Part-time Pilgrim said...

And I should have said this is an exciting developement: my thanks to you (and of course Marc).

Caral said...

Thanks for explaining, Ben.

I totally agree with everything that Part-time Pilgrim has said.

Without naming people. We have also had a Lutheran join us and on on a couple of occasions, Anglicans as well.

Just to clarify my concern, especially about the stipulation in the first clause of c) This may exclude me from participating in the site. I'm converting,and it has been a tough journey so am just trusting Jesus, as He leads me. Yet I'm still in Full Communion with the English Church, and so perhaps by default do not adhere to Magisterium.

And to be quite frank, I have heard so many differing views on Twitter and blogs that I do suspect that is a certain amount of personal interpretation of the Magisterium teaching.

Anyway at the end of the day, together our prayers together unites us to one and another and sanctifies us. I cannot remember who I said it to, but our prayer Intentions are very big, and the enemy isn't going to be happy with us praying them.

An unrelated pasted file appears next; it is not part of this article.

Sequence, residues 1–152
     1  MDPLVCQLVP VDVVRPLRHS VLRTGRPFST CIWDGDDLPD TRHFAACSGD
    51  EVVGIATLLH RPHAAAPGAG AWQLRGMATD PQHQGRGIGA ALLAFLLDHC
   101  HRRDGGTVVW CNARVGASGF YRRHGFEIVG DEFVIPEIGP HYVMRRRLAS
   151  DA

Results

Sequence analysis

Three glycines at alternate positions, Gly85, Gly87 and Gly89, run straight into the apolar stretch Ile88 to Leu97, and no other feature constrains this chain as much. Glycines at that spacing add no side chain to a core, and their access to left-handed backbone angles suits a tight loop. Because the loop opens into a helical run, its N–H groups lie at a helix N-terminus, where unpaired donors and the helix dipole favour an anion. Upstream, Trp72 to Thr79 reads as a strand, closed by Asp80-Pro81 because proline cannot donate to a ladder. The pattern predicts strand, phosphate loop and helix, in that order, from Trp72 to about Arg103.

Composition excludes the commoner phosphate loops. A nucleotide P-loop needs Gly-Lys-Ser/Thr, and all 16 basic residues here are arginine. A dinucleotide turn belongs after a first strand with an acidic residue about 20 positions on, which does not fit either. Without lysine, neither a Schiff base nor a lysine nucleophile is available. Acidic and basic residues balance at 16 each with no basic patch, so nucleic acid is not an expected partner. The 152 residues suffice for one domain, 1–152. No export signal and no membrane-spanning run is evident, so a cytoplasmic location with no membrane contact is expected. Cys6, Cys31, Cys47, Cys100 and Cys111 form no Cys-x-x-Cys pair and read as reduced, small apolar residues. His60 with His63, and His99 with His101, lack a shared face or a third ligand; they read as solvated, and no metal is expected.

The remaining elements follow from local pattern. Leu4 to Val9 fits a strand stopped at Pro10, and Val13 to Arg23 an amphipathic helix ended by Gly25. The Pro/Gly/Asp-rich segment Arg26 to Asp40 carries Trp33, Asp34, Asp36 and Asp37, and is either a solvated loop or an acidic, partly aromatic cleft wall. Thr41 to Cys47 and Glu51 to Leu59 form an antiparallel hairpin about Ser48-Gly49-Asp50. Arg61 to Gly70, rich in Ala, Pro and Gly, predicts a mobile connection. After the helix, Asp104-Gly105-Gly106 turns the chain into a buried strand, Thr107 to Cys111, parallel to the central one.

May He bless us and keep us and lead us to eternal life.

Caral x

Ben Trovato said...

As you may have seen, the site is now live, and so far we have not posted any posting guidelines.

I am hoping that they will not prove necessary, and that the site will not attract controversy.

We will moderate comments, and only post guidelines should we start go get lots of posts which we think unsuitable.

And if we do so, will probably avoid the term Magisterium, if it is not helpful in that context.

Thanks for all your thoughts: I knew asking your views would be valuable!